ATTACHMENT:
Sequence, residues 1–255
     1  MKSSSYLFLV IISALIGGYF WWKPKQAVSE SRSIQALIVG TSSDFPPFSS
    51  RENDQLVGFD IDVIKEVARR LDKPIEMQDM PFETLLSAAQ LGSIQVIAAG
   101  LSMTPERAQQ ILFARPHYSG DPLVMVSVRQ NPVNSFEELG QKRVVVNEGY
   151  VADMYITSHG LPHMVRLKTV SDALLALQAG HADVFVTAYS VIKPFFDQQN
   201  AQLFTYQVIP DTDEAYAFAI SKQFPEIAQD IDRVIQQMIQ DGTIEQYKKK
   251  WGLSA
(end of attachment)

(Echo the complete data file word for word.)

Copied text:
Sequence, residues 1–255
     1  MKSSSYLFLV IISALIGGYF WWKPKQAVSE SRSIQALIVG TSSDFPPFSS
    51  RENDQLVGFD IDVIKEVARR LDKPIEMQDM PFETLLSAAQ LGSIQVIAAG
   101  LSMTPERAQQ ILFARPHYSG DPLVMVSVRQ NPVNSFEELG QKRVVVNEGY
   151  VADMYITSHG LPHMVRLKTV SDALLALQAG HADVFVTAYS VIKPFFDQQN
   201  AQLFTYQVIP DTDEAYAFAI SKQFPEIAQD IDRVIQQMIQ DGTIEQYKKK
   251  WGLSA